This week’s announcement by Kentucky Fried Chicken to go back to their original branding, slogan and identity stresses the importance of a brand’s core image and identity. We have seen this in other very American brands, from Levi’s to Hummer. The appeal in these products is that they are American and to identify with their products is uniquely so. Groups seek to align themselves with this image, rather than vice versa.

Eva A. May
Guest
Eva A. May
15 years 6 months ago
We have also seen a shift for many clients towards the alignment of marketing campaigns. In the past, many clients were excited about the creation of a free-standing Hispanic market program that truly reflected the insights of the Hispanic market target, and was completely relevant to a Hispanic target consumer. However, more and more frequently, a client has a TOTAL market campaign look, tone, and feel, and is not willing to create a free-standing Hispanic market program. We have found that in many cases, a relevant Hispanic market program can still be created, that keeps the look, tone, and feel of the total market campaign/brand identity. Clients need to be willing to allow the creative message, product mix, and images/photos to vary if and where needed to reflect Hispanic market insights and culture. And agencies need to be willing to work WITH a total market campaign/brand identity rather than insisting on a free-standing one. We believe that this is the way that smart national companies will market in the future – one corporate identity with… Read more »
Don Delzell
Guest
Don Delzell
15 years 6 months ago
Understanding the psychological constructs which serve as the context in which purchase decisions are made is a worthwhile effort. In fact, it should be done regularly, to avoid the mistake of keeping as “fact” an interpretation which worked once, but may no longer be true. The risk involved in working with synopsis or summaries of this type of research is that it tells you what the majority of respondents appear as, and this majority turns into an average, and then this average turns into an actual consumer segment. It is not. It is a statistical calculation of a variety of responses, synthesized into sound bites. And as such, it runs the risk of being over simplified generalization. A client of mine, Latino, spoke with me recently about this entire concept of marketing to “Latinos.” While much of what is noted above came up in the conversation, much did not. And as a simple data point, this client would not identify any more with the stereotypes in the article than he would or would not with… Read more »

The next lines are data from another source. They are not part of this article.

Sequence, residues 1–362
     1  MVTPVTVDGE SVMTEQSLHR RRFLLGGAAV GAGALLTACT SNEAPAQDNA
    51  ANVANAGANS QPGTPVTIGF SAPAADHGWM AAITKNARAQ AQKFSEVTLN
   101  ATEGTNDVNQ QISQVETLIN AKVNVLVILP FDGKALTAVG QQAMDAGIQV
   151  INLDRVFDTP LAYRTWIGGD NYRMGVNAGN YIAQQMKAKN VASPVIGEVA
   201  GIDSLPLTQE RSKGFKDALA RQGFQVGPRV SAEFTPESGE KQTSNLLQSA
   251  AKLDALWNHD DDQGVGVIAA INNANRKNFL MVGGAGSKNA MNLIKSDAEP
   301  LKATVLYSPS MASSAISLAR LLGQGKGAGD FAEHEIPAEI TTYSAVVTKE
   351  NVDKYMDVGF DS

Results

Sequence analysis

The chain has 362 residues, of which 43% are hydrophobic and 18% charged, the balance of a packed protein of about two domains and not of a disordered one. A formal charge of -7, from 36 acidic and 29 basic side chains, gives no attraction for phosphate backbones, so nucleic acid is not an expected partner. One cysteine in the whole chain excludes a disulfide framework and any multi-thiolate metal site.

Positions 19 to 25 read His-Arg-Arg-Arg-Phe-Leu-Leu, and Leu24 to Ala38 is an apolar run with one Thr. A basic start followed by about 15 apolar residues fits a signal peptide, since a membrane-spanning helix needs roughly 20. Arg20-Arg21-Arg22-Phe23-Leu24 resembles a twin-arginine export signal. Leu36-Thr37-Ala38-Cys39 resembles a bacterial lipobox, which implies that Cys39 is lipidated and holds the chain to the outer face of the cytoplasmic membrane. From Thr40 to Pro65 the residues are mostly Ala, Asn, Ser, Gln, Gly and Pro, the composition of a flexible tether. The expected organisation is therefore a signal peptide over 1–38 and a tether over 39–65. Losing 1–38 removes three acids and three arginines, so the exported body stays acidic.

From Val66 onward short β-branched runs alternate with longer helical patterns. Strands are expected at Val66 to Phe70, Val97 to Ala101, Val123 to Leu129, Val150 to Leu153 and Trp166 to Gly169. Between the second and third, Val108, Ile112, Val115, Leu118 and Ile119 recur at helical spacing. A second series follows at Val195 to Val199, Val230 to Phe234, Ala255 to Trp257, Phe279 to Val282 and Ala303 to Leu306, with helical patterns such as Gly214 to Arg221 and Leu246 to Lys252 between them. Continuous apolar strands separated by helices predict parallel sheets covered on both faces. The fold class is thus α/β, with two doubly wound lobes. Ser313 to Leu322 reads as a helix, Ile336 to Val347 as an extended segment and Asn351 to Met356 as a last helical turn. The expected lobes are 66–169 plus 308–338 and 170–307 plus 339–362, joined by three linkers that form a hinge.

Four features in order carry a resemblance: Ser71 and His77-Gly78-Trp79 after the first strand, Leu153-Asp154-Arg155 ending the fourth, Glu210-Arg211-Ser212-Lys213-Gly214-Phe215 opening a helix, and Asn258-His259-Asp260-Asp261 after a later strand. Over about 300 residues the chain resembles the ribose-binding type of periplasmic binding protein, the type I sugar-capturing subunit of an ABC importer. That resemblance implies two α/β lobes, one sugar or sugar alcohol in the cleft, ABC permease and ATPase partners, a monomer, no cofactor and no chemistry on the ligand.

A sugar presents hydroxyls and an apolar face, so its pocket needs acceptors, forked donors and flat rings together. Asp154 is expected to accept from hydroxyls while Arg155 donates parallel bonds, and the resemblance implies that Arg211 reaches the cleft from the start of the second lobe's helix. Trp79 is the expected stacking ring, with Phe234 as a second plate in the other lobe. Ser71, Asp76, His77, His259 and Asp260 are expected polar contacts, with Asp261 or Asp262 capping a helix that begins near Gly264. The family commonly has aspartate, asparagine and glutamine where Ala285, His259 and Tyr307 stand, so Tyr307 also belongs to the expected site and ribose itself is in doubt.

Roger Selbert, Ph.D.
Guest
Roger Selbert, Ph.D.
15 years 6 months ago
The United States is becoming a multi-ethnic society; there are 35 million foreign-born residents in the US (12% of the total population). Hispanics are the largest ethnic group and growing rapidly: in raw numbers, 50 million Hispanic Americans by 2015; in population share, one out of every 4 Americans by 2050; in economic clout, $1 trillion in spending power by 2010. One cannot separate the future of America from the future of Hispanic America, but the Hispanic American population is itself diverse and changing. Hispanics are assimilating and acculturating at different rates, and are retaining much of their cultural heritage even as they change the American mainstream in the process. The US Hispanic future will be forged by the US born and educated, English-competent and comfortable, second and third generations that will swell the ranks of US Latinos in the coming decades. In other words, there is no one Hispanic market; there are several Hispanic markets. I have been fortunate through the years to be working with one of the best and fastest-growing Hispanic marketing… Read more »
Robert Leppan
Guest
Robert Leppan
15 years 6 months ago
Many of us involved in Hispanic marketing have known for years that Spanish language doesn’t define Latino identity nor is language alone sufficient to effectively communicate and connect with Latinos. As Carl Kravetz and the AHAA research demonstrates, a wide array of factors impacts and defines what it means to be Latino growing up and living in the U.S. Hispanic marketing and advertising professionals also know that behavior, customs and attitudes for Latinos are markedly different than those of a general market (Anglo) audience. The four factors that Kravetz highlights are some of the key differences. Marketers who want to craft a brand message that resonates with Latino consumers will take the time to: a.) know what makes their Latino target “tick” (i.e. beliefs, aspirations, cultural touch points) and, b.) create a brand campaign/message that is on target culturally and gets to “the heart” of their audience. The AHAA research and keynote speech also is about convincing manufacturers and marketers to employ agency partners (i.e. AHAA member agencies) that know and understand the cultural contexts… Read more »
Carl Kravetz
Guest
Carl Kravetz
15 years 6 months ago

I am grateful to your readers who have taken the time to think about and respond to the Advertising Age article. I would caution them, however, that the article did not reflect the entire content of my remarks or of the Latino Identity Project’s work. What we are after is far from the creation of another stereotype.

The hypothesis we are exploring is as follows: “Latino Cultural Identity is NOT confined to language and acculturation. Rather, at the heart of Latino Cultural Identity is set of complex, adaptable, intricate and interrelated values that change through time according to the environment and external stimuli.”

We are cautioning marketers to avoid oversimplifying and to recognize that Hispanic consumers are as diverse and complex as the General Market. Market opportunity lies precisely in the interplay between core values and contextual factors.